SB&D has three pilot facilities where they are testing smart factory initiatives, according to an interview CEO James Loree did with CEO magazine. They have reportedly been working on the smart factory concept for two years. An example would be putting sensors on equipment that tell you what is happening to the equipment in real time. For example, sensors can tell how many pieces or parts per hour it is producing, whether anything has changed about the state of the equipment, whether it is creating excess vibration, when it will need maintenance and even when it will fail and need to be replaced. Smart plants will change the skillsets needed in plants. They don’t expect to dramatically reduce head count but hope headcount needs will not grow at the same accelerated pace at which they have been growing. They are also going to need people with different skills, which are hard to find these days. They have hired experts with these skills to train workers.
SB&D’s long-term environmental sustainability goals have been approved by the Science Based Targets initiative, which is a collaboration between CDP, the United Nations Global Compact, World Resources Institute and the World Wide Fund for Nature. The group consists of more than 100 of the world’s biggest companies that have now set targets through the Science Based Targets initiative. SB&D has committed to reducing Absolute Scope 1 and 2 Greenhouse Gas emissions 100% by 2030, using 2015 as the base year. They have also made other commitments. Across all sectors, more than 390 companies have committed to setting science-based targets; more than 100 now have approved targets.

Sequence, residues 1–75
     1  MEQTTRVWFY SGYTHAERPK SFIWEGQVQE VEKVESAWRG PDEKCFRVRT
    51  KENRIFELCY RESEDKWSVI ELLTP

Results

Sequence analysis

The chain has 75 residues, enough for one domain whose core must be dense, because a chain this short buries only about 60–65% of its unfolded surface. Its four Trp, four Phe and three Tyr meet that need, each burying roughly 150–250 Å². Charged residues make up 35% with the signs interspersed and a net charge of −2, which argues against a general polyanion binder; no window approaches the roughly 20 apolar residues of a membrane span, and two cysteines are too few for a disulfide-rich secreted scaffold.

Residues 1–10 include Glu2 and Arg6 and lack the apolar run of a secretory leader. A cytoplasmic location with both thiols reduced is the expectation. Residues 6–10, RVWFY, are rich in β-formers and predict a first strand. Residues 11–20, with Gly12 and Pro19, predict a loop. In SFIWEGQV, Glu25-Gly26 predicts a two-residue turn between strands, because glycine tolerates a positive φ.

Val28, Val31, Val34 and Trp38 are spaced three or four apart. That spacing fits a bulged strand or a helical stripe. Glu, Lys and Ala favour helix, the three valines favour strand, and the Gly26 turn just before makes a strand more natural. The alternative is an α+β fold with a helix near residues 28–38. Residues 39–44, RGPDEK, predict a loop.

Connecticut Public Television premiered an original documentary on the rise of Stanley Black & Decker, and its impact on the city of New Britain over the past 175 years. The show, called “The Toolbox of America,” also focuses on the Stanley family, and includes interviews with experts and industry insiders.
Q1 revenue rose 21.6% to $742.2 million and earnings per share beat analysts’ expectations. Buildings and Infrastructure revenue rose 20% to $224.7 million. Trimble expects second quarter revenue between $755 and $785 million.
Trimble is nearly done with their $4.5 million expansion of their dome in Dayton, Ohio that will allow for year-round
research and product testing and demonstrations that previously had to be done in good weather. Trimble has also built a 130,000-square-foot distribution center and a 3,000-square-foot corporate data center in the area.
Milwaukee Tool plans to begin construction soon on another large expansion of their Brookfield corporate campus, now that the project has received final city approvals. They expect the three-story, 114,500-square-foot global new product development center to be completed by May 2019. The center is across the road from the company’s newly expanded headquarters. The Brookfield Council approved providing $3.5 million to help finance the new center. The council also approved a $6 million grant to help finance the $33 million headquarters expansion that was completed last fall. Milwaukee also stands to gain up to $18 million in state income tax credits depending on the number of jobs it retains and creates at both facilities.